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Am J Clin Nutr. 2015 Nov;102(5):1081-7. doi: 10.3945/ajcn.115.115295. Epub 2015 Sep 23.

Tracking of 25-hydroxyvitamin D status during pregnancy: the importance of vitamin D supplementation.

Author information

  • 1Medical Research Council Lifecourse Epidemiology Unit, University of Southampton, Southampton General Hospital, Southampton, United Kingdom; Paediatric Endocrinology, University Hospital Southampton National Health Service (NHS) Foundation Trust, Southampton, United Kingdom;
  • 2Medical Research Council Lifecourse Epidemiology Unit, University of Southampton, Southampton General Hospital, Southampton, United Kingdom;
  • 3Paediatric Endocrinology, University Hospital Southampton National Health Service (NHS) Foundation Trust, Southampton, United Kingdom;
  • 4Medical Research Council Lifecourse Epidemiology Unit, University of Southampton, Southampton General Hospital, Southampton, United Kingdom; National Institute for Health Research (NIHR) Southampton Nutrition Biomedical Research Centre, University of Southampton and University Hospital Southampton NHS Foundation Trust, Southampton, United Kingdom; and.
  • 5Medical Research Council Lifecourse Epidemiology Unit, University of Southampton, Southampton General Hospital, Southampton, United Kingdom; National Institute for Health Research (NIHR) Southampton Nutrition Biomedical Research Centre, University of Southampton and University Hospital Southampton NHS Foundation Trust, Southampton, United Kingdom; and cc@mrc.soton.ac.uk.

Abstract

BACKGROUND:

The role of maternal 25-hydroxyvitamin D [25(OH)D] in fetal development is uncertain, and findings of observational studies have been inconsistent. Most studies have assessed 25(OH)D only one time during pregnancy, but to our knowledge, the tracking of an individual's 25(OH)D during pregnancy has not been assessed previously.

OBJECTIVE:

We determined the tracking of serum 25(OH)D from early to late pregnancy and factors that influence this.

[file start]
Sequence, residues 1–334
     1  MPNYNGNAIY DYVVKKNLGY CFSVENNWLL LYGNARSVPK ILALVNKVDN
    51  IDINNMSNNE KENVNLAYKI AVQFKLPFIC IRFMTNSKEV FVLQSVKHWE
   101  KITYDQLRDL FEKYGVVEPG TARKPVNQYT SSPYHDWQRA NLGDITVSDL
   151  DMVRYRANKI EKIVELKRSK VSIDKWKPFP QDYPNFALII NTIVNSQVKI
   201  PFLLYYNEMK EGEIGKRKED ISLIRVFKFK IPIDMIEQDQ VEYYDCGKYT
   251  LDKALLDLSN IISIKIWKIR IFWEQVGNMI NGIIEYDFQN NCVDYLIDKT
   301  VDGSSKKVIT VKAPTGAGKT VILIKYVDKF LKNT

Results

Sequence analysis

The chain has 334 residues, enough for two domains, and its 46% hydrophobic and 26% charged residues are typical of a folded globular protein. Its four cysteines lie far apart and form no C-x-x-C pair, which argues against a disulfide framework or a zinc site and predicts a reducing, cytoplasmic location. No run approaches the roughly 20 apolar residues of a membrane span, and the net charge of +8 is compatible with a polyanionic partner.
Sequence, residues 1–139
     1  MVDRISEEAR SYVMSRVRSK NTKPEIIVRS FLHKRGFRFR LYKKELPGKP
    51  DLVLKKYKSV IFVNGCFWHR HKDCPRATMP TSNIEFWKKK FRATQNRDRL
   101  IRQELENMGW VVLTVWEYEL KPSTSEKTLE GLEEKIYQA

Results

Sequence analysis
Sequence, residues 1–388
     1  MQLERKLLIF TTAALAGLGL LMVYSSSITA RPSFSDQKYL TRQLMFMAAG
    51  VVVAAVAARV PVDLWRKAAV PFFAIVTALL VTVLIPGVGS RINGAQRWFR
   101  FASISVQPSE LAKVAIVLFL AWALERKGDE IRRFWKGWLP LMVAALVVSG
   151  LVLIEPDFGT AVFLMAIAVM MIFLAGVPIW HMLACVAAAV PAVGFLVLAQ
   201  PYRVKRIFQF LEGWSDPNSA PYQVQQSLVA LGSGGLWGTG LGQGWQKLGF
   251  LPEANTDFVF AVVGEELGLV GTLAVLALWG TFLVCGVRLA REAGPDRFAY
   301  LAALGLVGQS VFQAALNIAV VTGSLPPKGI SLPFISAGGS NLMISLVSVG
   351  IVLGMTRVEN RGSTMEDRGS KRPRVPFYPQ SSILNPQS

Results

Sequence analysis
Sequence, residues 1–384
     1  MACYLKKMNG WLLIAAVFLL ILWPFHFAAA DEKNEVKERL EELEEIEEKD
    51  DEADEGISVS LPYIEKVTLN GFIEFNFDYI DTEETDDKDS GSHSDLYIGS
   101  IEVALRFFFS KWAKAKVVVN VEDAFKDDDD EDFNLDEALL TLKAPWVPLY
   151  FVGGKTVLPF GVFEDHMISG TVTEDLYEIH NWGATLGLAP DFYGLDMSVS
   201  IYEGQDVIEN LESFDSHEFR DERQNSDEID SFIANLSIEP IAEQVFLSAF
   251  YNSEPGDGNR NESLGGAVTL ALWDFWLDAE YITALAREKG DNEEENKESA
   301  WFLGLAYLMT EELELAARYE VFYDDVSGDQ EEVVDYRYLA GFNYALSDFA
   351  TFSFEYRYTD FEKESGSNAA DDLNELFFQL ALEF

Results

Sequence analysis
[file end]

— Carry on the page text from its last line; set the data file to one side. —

DESIGN:

The Southampton Women's Survey is a prospective mother-offspring birth-cohort study. Lifestyle, diet, and 25(OH)D status were assessed at 11 and 34 wk of gestation. A Fourier transformation was used to model the seasonal variation in 25(OH)D for early and late pregnancy separately, and the difference between the measured and seasonally modeled 25(OH)D was calculated to generate a season-corrected 25(OH)D. Tracking was assessed with the use of the Pearson correlation coefficient, and multivariate linear regression was used to determine factors associated with the change in season-corrected 25(OH)D.

RESULTS:

A total of 1753 women had 25(OH)D measured in both early and late pregnancy. There was a moderate correlation between season-corrected 25(OH)D measurements at 11 and 34 wk of gestation (r = 0.53, P < 0.0001; n = 1753). Vitamin D supplementation was the strongest predictor of tracking; in comparison with women who never used supplements, the discontinuation of supplementation after 11 wk was associated with a reduction in season-corrected 25(OH)D (β = -7.3 nmol/L; P < 0.001), whereas the commencement (β = 12.6 nmol/L; P < 0.001) or continuation (β = 6.6 nmol/L; P < 0.001) of supplementation was associated with increases in season-corrected 25(OH)D. Higher pregnancy weight gain was associated with a reduction in season-corrected 25(OH)D (β = -0.4 nmol · L(-1) · kg(-1); P = 0.015), whereas greater physical activity (β = 0.4 nmol/L per h/wk; P = 0.011) was associated with increases.

CONCLUSIONS:

There is a moderate tracking of 25(OH)D status through pregnancy; factors such as vitamin D supplementation, weight gain, and physical activity are associated with changes in season-corrected 25(OH)D from early to late gestation. These findings have implications for study designs and analyses and approaches to intervention studies and clinical care.

© 2015 American Society for Nutrition.

KEYWORDS:

epidemiology; osteoporosis; pregnancy; supplementation; tracking; vitamin D

PMID:
26399867
[PubMed - indexed for MEDLINE]
PMCID:
PMC4634223
Free PMC Article

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